You can exclude a portion of your gain when selling your home after you have lived there for fewer than two years if you meet one of the exceptions that were previously discussed. This exclusion is based on the time that you resided in the home. What you are going to have to do is count the number of months that you stayed in your home and divide the number by 24.

Then, you are going to multiple that number by $250,000 (not married) or $500,000 (married). The result is going to be the amount that you can exclude from your taxable income.

For example, let us say that you resided in your home for twelve months then decided to sell because your employer asked you to relocate to a different office. You are not married so you would calculate your exclusion by dividing twelve months by twenty-four months and multiplying it by $250,000. The result is going to be $125,000. Therefore, if your gain is more than $125,000 you will be taxed on income over $125,000.

Loss on the Sale of a Home

If you lose money when selling your home, you are not able to deduct this loss.

Reporting the Gain on the Sale of Your Home

When you are reporting a gain on the sale of your home, it will be reported on Schedule D as a capital gain. If you owned your home for a year or less the gain is going to be a short-term capital gain. If you owned your home for a year or longer it is going to be reported as a long-term gain.

Calculating Your Cost Basis and Capital Gain

The formula for calculating the gain or loss involves subtracting your cost basis from your selling price. The formula for doing so is as follows below:

  • Purchase price
  • Purchase costs
  • Improvements
  • Selling costs
  • Accumulated Depreciation
  • Cost Basis

Calculating your profit or loss would be:

  • Selling price
  • Cost basis
  • Gain or loss

Lastly, to calculate your taxable gain:

  • Gain
  • Minus maximum or partial exclusion
  • Taxable gain

Remember, when you file with TurboTax Online, we’ll ask you simple questions about your situation and recommend the filing status, credits and deductions that will get you the biggest refund or least amount of tax.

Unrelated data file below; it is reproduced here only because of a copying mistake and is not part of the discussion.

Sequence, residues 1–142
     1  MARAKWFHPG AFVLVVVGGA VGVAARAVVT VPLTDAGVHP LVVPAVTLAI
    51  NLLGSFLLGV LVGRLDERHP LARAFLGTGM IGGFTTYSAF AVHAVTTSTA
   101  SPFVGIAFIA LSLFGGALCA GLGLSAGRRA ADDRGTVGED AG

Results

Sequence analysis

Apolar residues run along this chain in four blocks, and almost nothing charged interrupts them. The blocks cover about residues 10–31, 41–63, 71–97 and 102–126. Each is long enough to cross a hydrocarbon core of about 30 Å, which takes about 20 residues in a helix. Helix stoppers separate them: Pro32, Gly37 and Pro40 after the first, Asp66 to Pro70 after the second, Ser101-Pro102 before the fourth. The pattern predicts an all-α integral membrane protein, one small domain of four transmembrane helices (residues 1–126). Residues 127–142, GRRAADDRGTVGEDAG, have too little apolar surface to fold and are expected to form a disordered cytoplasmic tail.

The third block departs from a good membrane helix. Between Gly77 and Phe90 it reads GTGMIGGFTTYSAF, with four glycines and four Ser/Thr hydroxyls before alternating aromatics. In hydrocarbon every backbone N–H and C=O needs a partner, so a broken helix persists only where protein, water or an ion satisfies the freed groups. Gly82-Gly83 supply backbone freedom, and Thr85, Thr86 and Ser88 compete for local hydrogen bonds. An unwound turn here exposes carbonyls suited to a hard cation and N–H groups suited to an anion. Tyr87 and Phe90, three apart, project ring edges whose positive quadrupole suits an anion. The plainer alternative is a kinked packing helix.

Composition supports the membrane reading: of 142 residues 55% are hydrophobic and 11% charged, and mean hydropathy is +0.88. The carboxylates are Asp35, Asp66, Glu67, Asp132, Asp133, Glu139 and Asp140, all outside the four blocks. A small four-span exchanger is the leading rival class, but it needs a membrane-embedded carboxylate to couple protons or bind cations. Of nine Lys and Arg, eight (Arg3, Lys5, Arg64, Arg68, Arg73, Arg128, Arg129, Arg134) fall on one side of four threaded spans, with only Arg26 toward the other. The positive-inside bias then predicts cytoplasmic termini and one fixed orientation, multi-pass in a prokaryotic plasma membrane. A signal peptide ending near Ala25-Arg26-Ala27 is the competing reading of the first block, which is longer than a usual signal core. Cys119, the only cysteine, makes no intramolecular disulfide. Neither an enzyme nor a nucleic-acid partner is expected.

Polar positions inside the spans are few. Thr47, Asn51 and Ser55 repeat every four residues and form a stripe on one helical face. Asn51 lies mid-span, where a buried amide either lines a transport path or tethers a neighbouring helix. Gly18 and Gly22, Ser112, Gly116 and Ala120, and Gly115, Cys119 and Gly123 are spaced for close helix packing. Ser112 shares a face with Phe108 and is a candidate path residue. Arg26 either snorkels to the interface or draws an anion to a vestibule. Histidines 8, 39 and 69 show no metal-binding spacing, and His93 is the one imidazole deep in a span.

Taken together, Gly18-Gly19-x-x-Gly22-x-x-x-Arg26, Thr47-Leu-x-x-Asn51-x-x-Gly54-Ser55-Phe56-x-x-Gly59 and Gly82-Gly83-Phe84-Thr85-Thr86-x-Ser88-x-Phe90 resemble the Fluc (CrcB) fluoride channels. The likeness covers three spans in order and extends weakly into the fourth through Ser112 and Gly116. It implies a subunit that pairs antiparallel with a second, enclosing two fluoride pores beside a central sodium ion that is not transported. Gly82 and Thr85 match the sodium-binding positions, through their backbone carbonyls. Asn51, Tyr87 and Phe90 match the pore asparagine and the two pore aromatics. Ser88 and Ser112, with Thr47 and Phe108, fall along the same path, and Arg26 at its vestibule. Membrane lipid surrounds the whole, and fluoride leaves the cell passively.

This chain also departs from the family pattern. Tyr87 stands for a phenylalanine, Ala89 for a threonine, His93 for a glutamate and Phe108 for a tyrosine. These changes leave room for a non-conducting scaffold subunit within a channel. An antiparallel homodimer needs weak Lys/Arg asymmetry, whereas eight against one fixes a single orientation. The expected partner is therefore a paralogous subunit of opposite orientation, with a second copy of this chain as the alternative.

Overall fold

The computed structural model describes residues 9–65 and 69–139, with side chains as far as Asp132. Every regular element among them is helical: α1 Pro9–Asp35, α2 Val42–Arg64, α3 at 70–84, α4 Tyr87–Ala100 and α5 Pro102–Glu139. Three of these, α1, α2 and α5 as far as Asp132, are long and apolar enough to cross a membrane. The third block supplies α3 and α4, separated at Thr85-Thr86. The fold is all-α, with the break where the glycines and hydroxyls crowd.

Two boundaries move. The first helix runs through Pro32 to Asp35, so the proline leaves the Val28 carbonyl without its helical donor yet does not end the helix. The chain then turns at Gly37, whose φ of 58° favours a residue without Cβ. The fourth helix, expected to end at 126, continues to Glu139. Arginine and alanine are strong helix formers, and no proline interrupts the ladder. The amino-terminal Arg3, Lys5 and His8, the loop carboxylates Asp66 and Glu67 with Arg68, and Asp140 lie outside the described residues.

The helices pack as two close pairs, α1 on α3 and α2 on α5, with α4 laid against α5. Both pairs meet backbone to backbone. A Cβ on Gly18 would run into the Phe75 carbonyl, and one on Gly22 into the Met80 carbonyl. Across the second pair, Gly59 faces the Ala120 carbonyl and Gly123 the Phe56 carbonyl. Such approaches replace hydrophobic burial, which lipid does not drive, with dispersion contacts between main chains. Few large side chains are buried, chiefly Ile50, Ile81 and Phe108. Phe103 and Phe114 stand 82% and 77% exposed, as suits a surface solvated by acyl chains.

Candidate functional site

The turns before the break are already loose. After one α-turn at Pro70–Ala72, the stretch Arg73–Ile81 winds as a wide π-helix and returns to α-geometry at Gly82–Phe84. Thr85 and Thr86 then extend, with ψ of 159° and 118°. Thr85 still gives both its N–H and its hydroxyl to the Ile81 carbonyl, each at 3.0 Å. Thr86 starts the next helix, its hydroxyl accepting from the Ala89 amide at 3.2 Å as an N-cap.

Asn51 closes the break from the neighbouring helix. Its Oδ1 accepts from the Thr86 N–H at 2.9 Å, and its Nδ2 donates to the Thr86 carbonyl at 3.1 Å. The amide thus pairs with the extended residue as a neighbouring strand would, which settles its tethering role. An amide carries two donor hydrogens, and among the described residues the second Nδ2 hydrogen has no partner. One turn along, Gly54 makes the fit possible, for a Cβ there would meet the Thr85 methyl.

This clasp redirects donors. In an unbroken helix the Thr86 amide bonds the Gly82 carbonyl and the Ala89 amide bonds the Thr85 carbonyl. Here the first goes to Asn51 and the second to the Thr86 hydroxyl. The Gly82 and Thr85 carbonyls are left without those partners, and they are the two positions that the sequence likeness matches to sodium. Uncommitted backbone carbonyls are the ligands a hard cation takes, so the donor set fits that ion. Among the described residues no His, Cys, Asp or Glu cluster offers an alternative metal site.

Claiming Dependents on Your Tax Return

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Most taxpayers know that they can deduct their dependent children when they file their taxes. However, what they may not know is the rules that come along with claiming dependents on taxes – especially regarding other relatives.

There are guidelines as to when dependents can claim themselves and so much more.

If someone else has the ability to claim you as a dependent you will not be able to take an exemption for yourself and you will have a limited standard deduction. If you were to file with TurboTax, the program will help you understand this in detail.

You can claim someone as your dependent if they are a resident of the United States, are not filing a joint return, and can meet the qualifying child or qualifying relative test. We will go into more detail about this below. 

Qualifying Child

Usually people claim someone as a dependent on their taxes because they have a qualifying child. However, in order to determine whether someone is considered a qualifying child, they have to meet the six criteria’s below:

  • Relationship – The child must be your child (i.e. foster, step, adopted, half/step sibling, grandchild, niece, or nephew).
  • Age – The dependent should be younger than 19 as well as younger than you. If they are a full time student, attending school at least five months out of the year, they must be under the age of 24. Alternatively, for age not be a factor they must be totally or permanently disabled.
  • Residency- The child should have lived with you for at least half of the year.
  • Support- The child should not have provided half of their own support during the year.
  • Joint Return- The child should not be filing a joint return with their spouse unless it was to claim a refund only.
  • Special Test- In the case of divorce, only one parent is going to be able to claim the child. However, if both parents could be eligible the child is going to go to the highest gross income unless Form 8332 has been filled out.

Qualifying Relative

If your potential child has not qualified as a qualifying child, it is possible that they will be a qualifying relative, which would still allow you to claim them on your taxes as a dependent. To be a qualifying relative all of the following criteria’s must be met.

  • Not a qualifying child: The dependent is not your qualifying relative if they are already a qualifying child, for you or another taxpayer.
  • Relationship: The dependent must reside with you or if they do not live with you, they must be your child, sibling, parent/grandparent, or a direct descendant of any of the above-mentioned relatives.